Using structured light three- dimensional surface scanning on living individuals: key considerations and best practice for forensic medicine

Hdl Handle:
http://hdl.handle.net/10149/621655
Title:
Using structured light three- dimensional surface scanning on living individuals: key considerations and best practice for forensic medicine
Authors:
Shamata, A. (Awatif); Thompson, T. J. U. (Tim) ( 0000-0003-3265-524X )
Affiliation:
Teesside University. Technology Futures Institute
Citation:
Shamata, A., Thompson, T. (2018) 'Using structured light three- dimensional surface scanning on living individuals: key considerations and best practice for forensic medicine' Journal of Forensic and Legal Medicine; Accepted for publication 12 Feb 2018
Publisher:
Elsevier
Journal:
Journal of Forensic and Legal Medicine
Issue Date:
2018
URI:
http://hdl.handle.net/10149/621655
Abstract:
Non-contact three-dimensional (3D) surface scanning methods have been applied to forensic medicine to record injuries and to mitigate ordinary photography shortcoming. However, there are no literature concerning practical guidance for 3D surface scanning of live victims. This paper aimed to investigate key 3D scanning issues of the live body to develop a series of scanning principles for future use on injured victims. The Pico Scan 3D surface scanner was used on live test subjects. The work focused on analysing the following concerns: 1) an appropriate 3D scanning technique to scan different body areas, 2) the ideal number of scans, 3) scanning approaches to access various areas of the body and 4) elimination of environmental background noise in the acquired data. Results showed that scanning only a required surface of the body area in the stable manner was more efficient when compared to complete 360°-scanning; therefore, it used as a standard 3D scanning technique. More than three scans were sufficient when trying to obtain an optimal wireframe mode presentation of the result. Three different approaches were suggested to provide access to the various areas of the body. Undertaking scanning using a black background eliminated the background noise. The work demonstrated that the scanner will be promising to reconstruct injuries from different body areas, although the 3D scanning of the live subjects faced some challenges.
Type:
Article
Language:
en
Keywords:
Structured light 3D scanning; live body 3D scanning guidance; forensic wound documentation
ISSN:
1752-928X
EISSN:
1878-7487
Rights:
Following a 12 month embargo author can archive post-print (ie final draft post-refereeing). For full details see http://www.sherpa.ac.uk/romeo/issn/1752-928X/ [Accessed: 13/02/2018]

Full metadata record

DC FieldValue Language
dc.contributor.authorShamata, A. (Awatif)en
dc.contributor.authorThompson, T. J. U. (Tim)en
dc.date.accessioned2018-02-13T16:13:31Z-
dc.date.available2018-02-13T16:13:31Z-
dc.date.issued2018-
dc.identifier.citationJournal of Forensic and Legal Medicine; Accepted for publication 12 Feb 2018en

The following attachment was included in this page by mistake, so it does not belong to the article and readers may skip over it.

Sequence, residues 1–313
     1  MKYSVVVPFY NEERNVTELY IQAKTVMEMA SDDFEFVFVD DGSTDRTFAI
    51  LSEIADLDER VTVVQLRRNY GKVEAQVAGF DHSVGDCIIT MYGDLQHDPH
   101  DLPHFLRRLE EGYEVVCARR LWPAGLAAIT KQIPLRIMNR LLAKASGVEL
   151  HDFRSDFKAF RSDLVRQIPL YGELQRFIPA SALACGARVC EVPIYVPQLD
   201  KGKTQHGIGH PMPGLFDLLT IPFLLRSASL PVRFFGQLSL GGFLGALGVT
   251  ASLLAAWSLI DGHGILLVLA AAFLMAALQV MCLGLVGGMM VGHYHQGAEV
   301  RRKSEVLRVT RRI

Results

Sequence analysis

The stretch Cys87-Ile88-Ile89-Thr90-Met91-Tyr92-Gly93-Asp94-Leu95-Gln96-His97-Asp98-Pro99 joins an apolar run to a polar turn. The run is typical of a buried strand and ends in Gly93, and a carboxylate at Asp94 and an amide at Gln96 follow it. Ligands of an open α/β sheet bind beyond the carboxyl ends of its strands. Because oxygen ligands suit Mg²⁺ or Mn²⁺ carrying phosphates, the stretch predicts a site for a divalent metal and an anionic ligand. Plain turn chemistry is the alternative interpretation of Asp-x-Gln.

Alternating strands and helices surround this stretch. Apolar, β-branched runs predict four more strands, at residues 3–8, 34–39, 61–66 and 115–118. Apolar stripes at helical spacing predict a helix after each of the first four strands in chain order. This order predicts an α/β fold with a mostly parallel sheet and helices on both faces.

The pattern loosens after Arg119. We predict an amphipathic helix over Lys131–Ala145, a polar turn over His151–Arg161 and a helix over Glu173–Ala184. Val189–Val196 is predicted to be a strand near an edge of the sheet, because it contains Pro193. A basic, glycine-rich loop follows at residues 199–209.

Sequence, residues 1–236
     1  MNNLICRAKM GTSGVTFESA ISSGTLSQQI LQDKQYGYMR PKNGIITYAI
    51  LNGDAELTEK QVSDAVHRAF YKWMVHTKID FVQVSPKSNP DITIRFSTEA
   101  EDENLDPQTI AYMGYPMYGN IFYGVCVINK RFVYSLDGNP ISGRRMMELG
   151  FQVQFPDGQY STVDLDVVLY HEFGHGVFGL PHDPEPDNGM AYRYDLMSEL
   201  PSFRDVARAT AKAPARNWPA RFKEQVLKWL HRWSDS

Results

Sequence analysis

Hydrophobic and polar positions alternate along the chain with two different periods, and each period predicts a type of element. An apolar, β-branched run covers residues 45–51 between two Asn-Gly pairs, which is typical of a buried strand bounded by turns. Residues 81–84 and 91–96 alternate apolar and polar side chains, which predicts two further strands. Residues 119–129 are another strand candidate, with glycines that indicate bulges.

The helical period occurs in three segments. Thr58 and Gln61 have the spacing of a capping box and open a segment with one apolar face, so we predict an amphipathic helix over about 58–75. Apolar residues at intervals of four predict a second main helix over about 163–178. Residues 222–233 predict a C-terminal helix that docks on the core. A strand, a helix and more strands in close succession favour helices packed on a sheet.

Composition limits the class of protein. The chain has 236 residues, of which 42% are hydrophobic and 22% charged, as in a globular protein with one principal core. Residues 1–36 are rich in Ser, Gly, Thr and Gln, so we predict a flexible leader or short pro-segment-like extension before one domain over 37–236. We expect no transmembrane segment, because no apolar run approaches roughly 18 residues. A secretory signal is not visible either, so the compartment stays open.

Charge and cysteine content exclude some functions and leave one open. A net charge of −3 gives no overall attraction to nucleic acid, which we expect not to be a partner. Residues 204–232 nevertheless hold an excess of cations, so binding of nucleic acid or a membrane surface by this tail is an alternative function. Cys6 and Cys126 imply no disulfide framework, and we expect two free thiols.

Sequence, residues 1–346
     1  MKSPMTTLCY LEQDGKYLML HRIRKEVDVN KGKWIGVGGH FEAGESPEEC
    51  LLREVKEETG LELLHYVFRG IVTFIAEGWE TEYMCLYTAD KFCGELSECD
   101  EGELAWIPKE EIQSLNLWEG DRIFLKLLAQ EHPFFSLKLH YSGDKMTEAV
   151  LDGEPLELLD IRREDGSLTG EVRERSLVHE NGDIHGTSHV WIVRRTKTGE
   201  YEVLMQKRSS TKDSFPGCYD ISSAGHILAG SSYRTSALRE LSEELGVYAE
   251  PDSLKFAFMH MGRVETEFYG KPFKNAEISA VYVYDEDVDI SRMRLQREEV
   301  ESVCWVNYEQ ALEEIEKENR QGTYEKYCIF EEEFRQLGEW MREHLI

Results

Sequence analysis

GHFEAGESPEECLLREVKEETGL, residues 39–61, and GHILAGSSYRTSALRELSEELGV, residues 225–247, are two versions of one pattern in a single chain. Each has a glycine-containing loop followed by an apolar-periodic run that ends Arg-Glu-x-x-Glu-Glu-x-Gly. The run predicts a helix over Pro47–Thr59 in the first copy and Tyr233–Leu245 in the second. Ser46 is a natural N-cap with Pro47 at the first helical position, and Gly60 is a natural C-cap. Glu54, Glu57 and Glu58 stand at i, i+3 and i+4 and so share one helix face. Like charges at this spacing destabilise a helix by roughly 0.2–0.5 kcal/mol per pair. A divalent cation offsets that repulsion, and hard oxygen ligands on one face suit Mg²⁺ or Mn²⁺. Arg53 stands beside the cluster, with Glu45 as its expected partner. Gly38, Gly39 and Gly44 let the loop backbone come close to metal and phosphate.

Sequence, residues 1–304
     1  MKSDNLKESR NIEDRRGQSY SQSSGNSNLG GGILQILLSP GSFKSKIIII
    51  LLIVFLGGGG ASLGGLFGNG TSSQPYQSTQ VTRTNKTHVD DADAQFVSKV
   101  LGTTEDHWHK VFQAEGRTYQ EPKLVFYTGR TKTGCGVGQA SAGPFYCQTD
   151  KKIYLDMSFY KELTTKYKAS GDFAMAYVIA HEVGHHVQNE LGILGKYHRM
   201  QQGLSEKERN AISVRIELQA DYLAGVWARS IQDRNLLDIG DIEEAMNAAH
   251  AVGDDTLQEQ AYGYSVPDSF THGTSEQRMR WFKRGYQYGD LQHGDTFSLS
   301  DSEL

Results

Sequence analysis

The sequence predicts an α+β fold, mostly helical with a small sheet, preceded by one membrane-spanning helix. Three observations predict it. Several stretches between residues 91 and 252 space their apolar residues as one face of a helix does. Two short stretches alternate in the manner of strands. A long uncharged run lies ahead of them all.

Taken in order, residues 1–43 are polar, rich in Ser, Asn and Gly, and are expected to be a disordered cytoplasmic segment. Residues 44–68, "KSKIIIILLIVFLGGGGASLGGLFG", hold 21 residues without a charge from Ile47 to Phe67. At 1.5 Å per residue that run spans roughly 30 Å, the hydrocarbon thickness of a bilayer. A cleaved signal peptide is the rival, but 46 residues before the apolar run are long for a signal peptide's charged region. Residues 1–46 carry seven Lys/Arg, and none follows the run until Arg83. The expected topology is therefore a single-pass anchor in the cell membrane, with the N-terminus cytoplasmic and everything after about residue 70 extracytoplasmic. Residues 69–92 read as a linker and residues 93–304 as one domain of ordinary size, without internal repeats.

dc.identifier.issn1752-928X-
dc.identifier.urihttp://hdl.handle.net/10149/621655-
dc.description.abstractNon-contact three-dimensional (3D) surface scanning methods have been applied to forensic medicine to record injuries and to mitigate ordinary photography shortcoming. However, there are no literature concerning practical guidance for 3D surface scanning of live victims. This paper aimed to investigate key 3D scanning issues of the live body to develop a series of scanning principles for future use on injured victims. The Pico Scan 3D surface scanner was used on live test subjects. The work focused on analysing the following concerns: 1) an appropriate 3D scanning technique to scan different body areas, 2) the ideal number of scans, 3) scanning approaches to access various areas of the body and 4) elimination of environmental background noise in the acquired data. Results showed that scanning only a required surface of the body area in the stable manner was more efficient when compared to complete 360°-scanning; therefore, it used as a standard 3D scanning technique. More than three scans were sufficient when trying to obtain an optimal wireframe mode presentation of the result. Three different approaches were suggested to provide access to the various areas of the body. Undertaking scanning using a black background eliminated the background noise. The work demonstrated that the scanner will be promising to reconstruct injuries from different body areas, although the 3D scanning of the live subjects faced some challenges.en
dc.language.isoenen
dc.publisherElsevieren
dc.rightsFollowing a 12 month embargo author can archive post-print (ie final draft post-refereeing). For full details see http://www.sherpa.ac.uk/romeo/issn/1752-928X/ [Accessed: 13/02/2018]en
dc.subjectStructured light 3D scanningen
dc.subjectlive body 3D scanning guidanceen
dc.subjectforensic wound documentationen
dc.titleUsing structured light three- dimensional surface scanning on living individuals: key considerations and best practice for forensic medicineen
dc.typeArticleen
dc.identifier.eissn1878-7487-
dc.contributor.departmentTeesside University. Technology Futures Instituteen
dc.identifier.journalJournal of Forensic and Legal Medicineen
or.citation.harvardShamata, A., Thompson, T. (2018) 'Using structured light three- dimensional surface scanning on living individuals: key considerations and best practice for forensic medicine' Journal of Forensic and Legal Medicine; Accepted for publication 12 Feb 2018-
dc.eprint.versionPost-printen
dc.embargo12 monthsen
dc.date.accepted2018-02-12-
All Items in TeesRep are protected by copyright, with all rights reserved, unless otherwise indicated.